Effective Fiber: Differences in Actual and Predicted peNDF

The goal in formulating and feeding dairy rations is to match the ration on paper to the ration the cow actually eats. Moisture changes in forages, forage changes, inaccurate scales, and lax mixing procedures are some of the reasons they are not the same. We can send in a TMR sample to the lab to measure protein , fiber, starch, mineral content, etc. to see how close the formulated ration and the TMR actually are. But how effective is this fiber in the rumen? Most ration programs give an estimate of peNDF (physical effective NDF). This estimation uses fiber levels of our feed ingredients to predict the ration contribution to an adequate rumen mat in the rumen. PeNDF predictions gives us an idea of changes in fiber contribution, but not a good measure of actual peNDF. We can use the Penn State Particle Separator to give use an actual peNDF value. There are three different versions with different calculations for each one. Measuring actual peNDF in TMRs 3 “screen” – 2 Sieves and a pan Add calculated percentage of top two sieves  plus 20% of bottom pan  and multiply by  the NDF of ration 4 “screen” – 3 sieves  (3rd sieve is a fine screen) and a pan Add calculated percentage of top two sieves plus 30% of 3rd sieve and multiply by NDF of the ration 4 “screen” with new 3rd sieve having 0.16 inch (4 mm) openings. This new screen was designed to measure peNDF. Add calculated percentage of top 3 screens and multiply by NDF of ration How close is the actual to the predicted?  If the actual peNDF is significantly lower than predicted peNDF, cow performance may be enhanced...

Adding Methionine to Lactating Dairy Rations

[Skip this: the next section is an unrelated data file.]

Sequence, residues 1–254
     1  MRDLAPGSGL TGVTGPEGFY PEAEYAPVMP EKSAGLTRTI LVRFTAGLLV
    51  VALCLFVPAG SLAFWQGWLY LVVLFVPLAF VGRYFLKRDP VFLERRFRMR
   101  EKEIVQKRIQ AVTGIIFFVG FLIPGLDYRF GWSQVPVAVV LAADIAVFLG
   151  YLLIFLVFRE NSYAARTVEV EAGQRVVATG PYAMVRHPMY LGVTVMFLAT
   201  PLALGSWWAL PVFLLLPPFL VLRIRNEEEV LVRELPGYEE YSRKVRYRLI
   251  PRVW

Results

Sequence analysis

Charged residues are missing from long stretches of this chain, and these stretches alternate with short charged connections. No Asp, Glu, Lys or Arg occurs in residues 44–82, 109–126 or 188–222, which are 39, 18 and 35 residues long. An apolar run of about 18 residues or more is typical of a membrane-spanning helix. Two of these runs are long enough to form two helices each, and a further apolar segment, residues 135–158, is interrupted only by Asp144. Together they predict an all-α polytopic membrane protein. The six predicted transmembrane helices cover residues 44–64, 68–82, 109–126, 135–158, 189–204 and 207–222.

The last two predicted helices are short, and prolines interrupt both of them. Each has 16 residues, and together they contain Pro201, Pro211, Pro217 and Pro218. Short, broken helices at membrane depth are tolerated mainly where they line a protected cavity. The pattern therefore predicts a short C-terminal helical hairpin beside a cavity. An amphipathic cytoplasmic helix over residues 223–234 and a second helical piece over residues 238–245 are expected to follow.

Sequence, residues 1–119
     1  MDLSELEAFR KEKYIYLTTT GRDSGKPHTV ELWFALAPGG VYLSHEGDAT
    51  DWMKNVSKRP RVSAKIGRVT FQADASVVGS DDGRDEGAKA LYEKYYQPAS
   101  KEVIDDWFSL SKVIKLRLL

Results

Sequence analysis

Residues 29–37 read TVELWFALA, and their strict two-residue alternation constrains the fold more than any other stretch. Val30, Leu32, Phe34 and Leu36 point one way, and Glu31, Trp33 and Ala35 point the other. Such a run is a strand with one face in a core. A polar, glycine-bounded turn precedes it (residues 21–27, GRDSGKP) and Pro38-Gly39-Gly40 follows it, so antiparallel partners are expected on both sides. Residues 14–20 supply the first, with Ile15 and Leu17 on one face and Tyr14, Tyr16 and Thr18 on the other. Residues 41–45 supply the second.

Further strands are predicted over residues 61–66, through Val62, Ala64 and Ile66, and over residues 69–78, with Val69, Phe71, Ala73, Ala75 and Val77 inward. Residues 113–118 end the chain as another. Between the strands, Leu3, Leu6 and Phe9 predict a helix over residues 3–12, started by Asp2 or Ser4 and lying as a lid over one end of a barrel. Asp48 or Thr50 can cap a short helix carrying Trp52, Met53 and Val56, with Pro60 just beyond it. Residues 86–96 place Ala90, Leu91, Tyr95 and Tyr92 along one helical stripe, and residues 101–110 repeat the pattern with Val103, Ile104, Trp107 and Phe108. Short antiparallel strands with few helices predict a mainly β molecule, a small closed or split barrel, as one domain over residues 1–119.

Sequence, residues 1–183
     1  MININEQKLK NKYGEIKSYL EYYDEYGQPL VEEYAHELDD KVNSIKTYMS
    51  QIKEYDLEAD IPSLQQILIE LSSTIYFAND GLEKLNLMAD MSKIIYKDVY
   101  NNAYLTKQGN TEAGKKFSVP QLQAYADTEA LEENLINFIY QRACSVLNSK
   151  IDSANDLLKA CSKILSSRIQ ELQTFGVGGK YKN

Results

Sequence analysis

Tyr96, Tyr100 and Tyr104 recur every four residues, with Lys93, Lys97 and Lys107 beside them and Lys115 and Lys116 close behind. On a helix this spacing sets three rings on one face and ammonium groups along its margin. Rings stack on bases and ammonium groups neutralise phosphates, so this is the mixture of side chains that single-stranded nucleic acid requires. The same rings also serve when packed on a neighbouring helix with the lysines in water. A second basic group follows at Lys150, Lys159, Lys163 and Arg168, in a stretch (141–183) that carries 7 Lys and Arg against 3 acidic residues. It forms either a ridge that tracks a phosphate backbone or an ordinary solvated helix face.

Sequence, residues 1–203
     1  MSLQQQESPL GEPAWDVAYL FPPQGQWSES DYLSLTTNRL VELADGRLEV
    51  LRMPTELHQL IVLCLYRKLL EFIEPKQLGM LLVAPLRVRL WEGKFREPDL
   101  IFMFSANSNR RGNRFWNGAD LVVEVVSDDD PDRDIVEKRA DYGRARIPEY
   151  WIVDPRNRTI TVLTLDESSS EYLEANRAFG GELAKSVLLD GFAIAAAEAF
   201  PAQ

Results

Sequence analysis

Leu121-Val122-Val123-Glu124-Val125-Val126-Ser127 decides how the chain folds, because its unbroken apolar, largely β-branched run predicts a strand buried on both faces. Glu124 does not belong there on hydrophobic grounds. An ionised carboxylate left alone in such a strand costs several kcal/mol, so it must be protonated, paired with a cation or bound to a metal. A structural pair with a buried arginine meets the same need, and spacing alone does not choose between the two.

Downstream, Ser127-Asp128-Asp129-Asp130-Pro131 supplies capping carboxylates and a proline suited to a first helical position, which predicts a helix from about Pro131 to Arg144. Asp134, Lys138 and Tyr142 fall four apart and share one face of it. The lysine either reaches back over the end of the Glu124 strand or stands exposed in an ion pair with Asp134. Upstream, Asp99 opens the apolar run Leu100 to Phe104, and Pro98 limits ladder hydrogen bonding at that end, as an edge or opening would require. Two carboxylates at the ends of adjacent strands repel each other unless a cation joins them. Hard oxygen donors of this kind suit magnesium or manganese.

The benefits of adding methionine to dairy lactating rations to enhance milk and milk protein production has been known for many years. The return on investment of this inclusion was usually measured by the cost of the methionine against the potential return from milk protein production.  The value of milk protein has varied greatly over the last few years. The value of this milk protein is at a low point, which has many questioning the value of adding methionine, and some reducing the amount of supplementation. Additional research has shown the value of feeding dairy cows methionine pre- and post-freshening. Research shows it improves immune function during the critical transition period. A presentation at the 2016 Four-State Nutrition Conference by Dr. Phil Cardoso of the University of Illinois highlighted the beneficial effects of methionine supplementation during the later stages of follicle growth and early embryo development. Supplemented cows had lower early embryonic death (primarily between day 21-61). “Supplementation of cows with methionine during the final stages of follicular development and early embryo development, until Day 7 after breeding, lead to lipid accumulation changes in the embryos and resulted in differences in gene expression in the embryo.  Methionine supplementation seems to impact the preimplantation embryo in a way that enhances its capacity for survival because there is strong evidence that endogenous lipid reserves serve as an energy substrate. The lower pregnancy losses from cows fed methionine enriched diets suggest that methionine favors embryo survival, at least in multiparous cows. Further studies are needed to corroborate whether supplementation with methionine would have a beneficial impact on embryo survival and if these...